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Matt tipped us off to his review of American Doll Posse, which ran in Sunday’s Home News Review “Teen Scene” section:
Tori Amos shows more of a rock sound on “Posse”
Published in the Home News Tribune Teen Scene 05/13/07
By MATT RICHARDS
After Tori Amos released “The Beekeeper,” many fans were skeptical of whether she still had it in her.
The fiery redhead, known for her intensely personal piano ballads, had seemingly left them behind for light-hearted, adult-contemporary pop songs about “driving in her Saab.” Fans wondered where the woman who sang openly — although cryptically — about rape, miscarriages, a friend’s suicide and Catholicism had gone.
With “American Doll Posse,” Amos has created one of her best albums, which has more of a rock sound.
However, the album’s concept is weak. It revolves around five women: Pip, Santa, Clyde, Isabel and Tori. Apparently, they are all supposed to be based on Greek mythological characters and they all have certain characteristics/traits that make up a woman. For the project, Amos has gone as far as to make online blogs for each of the women. Over the duration of the album, the concept seems lost and unimportant.
“Big Wheel” is the first single and it is already stirring up controversy thanks to a certain acronym. Regardless, it’s an inventive, country-rock song, a new sound never heard from Amos before.
“Teenage Hustling” is evidence of Amos’ stylistic change. While the song starts with a light piano, it soon bursts into an all-out glam-rock anthem. It is so different from anything Amos has ever recorded, and it re-establishes her place as one of the most original artists out there.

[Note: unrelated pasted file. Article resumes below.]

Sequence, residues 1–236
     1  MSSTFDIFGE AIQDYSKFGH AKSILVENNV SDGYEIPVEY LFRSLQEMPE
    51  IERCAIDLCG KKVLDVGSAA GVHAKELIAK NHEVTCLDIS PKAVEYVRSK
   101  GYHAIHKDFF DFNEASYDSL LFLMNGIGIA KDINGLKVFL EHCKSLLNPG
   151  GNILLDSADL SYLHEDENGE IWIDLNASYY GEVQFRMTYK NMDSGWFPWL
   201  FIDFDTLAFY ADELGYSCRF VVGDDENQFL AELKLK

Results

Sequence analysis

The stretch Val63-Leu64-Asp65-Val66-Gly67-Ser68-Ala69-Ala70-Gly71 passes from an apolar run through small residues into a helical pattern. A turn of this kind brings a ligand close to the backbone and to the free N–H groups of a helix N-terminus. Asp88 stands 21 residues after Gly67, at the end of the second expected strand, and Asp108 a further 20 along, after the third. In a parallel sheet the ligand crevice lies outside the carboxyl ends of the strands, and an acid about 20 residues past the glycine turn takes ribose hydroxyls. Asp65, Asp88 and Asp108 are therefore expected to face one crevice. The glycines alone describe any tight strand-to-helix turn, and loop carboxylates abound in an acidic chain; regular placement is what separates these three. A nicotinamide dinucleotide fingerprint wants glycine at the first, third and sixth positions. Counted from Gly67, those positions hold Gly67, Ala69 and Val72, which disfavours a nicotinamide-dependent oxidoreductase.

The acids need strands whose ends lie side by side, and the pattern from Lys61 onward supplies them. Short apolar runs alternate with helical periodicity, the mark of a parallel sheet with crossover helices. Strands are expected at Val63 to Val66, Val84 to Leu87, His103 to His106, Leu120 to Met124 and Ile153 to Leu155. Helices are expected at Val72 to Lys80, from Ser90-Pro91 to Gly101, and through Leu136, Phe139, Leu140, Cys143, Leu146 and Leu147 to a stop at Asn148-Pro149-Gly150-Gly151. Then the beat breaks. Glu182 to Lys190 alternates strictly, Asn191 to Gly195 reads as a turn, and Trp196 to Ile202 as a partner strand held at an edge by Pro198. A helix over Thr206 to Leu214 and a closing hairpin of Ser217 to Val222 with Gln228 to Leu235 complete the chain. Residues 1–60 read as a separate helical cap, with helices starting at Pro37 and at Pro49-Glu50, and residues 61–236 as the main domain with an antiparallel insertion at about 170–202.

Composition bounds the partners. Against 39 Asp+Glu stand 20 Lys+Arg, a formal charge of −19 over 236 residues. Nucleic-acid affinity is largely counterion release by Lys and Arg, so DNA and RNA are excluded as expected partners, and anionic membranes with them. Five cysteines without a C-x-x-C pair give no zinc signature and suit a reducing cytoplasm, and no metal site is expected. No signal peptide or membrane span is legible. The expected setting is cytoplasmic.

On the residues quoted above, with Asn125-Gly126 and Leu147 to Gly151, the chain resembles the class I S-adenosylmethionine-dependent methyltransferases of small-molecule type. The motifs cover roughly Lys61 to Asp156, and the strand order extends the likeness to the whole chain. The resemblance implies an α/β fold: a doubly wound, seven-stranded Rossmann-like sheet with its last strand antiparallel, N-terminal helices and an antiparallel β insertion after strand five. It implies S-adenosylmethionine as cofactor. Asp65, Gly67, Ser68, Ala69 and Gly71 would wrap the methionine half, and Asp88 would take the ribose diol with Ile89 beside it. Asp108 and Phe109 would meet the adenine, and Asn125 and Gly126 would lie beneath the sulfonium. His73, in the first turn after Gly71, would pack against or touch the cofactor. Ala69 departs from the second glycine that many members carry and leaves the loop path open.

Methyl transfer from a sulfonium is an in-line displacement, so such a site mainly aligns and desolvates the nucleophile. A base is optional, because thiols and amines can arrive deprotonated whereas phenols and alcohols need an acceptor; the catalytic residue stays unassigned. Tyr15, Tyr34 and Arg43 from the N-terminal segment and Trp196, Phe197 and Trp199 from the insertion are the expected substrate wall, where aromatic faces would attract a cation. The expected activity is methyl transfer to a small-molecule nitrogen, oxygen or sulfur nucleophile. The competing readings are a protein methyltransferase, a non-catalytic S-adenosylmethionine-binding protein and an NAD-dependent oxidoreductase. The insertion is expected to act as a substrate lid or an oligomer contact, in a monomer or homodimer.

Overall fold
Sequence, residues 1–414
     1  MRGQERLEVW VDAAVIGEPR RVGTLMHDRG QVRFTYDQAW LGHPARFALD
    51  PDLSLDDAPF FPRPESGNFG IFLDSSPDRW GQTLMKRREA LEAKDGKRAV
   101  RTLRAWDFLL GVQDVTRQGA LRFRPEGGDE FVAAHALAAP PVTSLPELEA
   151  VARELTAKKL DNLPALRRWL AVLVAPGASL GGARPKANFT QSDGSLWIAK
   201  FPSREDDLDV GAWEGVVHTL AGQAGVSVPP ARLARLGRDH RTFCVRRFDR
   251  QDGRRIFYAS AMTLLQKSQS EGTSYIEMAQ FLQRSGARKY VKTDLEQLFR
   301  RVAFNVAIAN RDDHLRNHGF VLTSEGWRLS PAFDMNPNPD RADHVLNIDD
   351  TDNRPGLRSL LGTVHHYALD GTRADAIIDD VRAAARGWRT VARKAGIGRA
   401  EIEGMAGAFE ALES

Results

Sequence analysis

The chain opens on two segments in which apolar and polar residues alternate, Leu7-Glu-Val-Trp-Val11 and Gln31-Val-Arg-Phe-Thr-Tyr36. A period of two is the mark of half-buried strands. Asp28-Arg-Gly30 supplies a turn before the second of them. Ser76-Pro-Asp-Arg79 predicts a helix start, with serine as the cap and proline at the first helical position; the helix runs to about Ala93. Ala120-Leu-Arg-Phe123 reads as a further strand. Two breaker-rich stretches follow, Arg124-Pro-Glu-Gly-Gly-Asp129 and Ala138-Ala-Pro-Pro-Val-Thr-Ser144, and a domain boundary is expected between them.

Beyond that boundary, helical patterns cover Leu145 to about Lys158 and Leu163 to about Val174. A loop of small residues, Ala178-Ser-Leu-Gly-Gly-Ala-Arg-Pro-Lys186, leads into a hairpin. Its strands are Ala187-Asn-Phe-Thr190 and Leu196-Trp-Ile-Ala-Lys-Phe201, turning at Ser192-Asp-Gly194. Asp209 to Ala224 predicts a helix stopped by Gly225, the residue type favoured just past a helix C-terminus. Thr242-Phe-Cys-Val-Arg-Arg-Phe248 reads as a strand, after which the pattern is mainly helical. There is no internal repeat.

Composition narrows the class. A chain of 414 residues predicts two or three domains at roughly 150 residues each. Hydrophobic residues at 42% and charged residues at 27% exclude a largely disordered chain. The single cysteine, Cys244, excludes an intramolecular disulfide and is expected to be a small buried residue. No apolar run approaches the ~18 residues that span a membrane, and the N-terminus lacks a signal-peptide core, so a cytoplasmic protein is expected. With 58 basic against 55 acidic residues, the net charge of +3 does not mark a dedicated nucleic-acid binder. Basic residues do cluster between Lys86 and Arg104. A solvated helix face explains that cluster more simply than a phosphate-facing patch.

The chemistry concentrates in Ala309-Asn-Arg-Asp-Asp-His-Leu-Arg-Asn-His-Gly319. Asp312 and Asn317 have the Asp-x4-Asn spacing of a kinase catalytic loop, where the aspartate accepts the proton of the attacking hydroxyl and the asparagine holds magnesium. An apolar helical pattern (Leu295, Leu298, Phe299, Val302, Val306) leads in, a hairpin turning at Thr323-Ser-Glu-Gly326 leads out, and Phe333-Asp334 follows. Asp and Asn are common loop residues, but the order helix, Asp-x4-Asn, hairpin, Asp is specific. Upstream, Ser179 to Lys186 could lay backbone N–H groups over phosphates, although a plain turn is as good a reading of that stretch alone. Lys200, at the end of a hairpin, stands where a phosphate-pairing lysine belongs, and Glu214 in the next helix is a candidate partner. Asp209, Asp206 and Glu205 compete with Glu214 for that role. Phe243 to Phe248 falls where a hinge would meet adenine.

“Digital Ghost” is one of the best tracks on the album. With lyrics such as “It started as a joke, just one of my larks to see, if somehow I could reach you, only to find you all alone, curled up with machines, now it seems you’re slipping, out of the land of the living,” it is evident that Amos’ writing is as good as its ever been.
“Body and Soul” is a great rock song that will likely anger Catholics. In the song, Amos sings, “Sweet communion? I’ll save you from that Sunday sermon, boy I think we need a conversion.”
One of the things I have always admired about Amos is her daringness and outspokenness, and it shines through more in these few words than it did at any moment on “The Beekeeper.”
Not since the “Mona Lisa Smile” soundtrack has Amos’ voice sounded so pure and classical as it does on “Dragon.” I love the lyrics: “Stay a while, cause your wild card boy needs playing, don’t believe the lie your dragon needs slaying, won’t you stay with me and I will bring kisses for the beast, lay here with me.”
Other tracks featured on the album include the anti-war anthem “Dark Side Of The Sun,” the gorgeous “Girl Disappearing,” which features a nice string arrangement and the best lyrical moment on the album (“Left whips and chains, I’m boycotting trends again, it’s my new look this season”), and the beautiful, piano-driven “Almost Rosey.”
It is great to see that 16 years into her career, Amos is at the top of her game.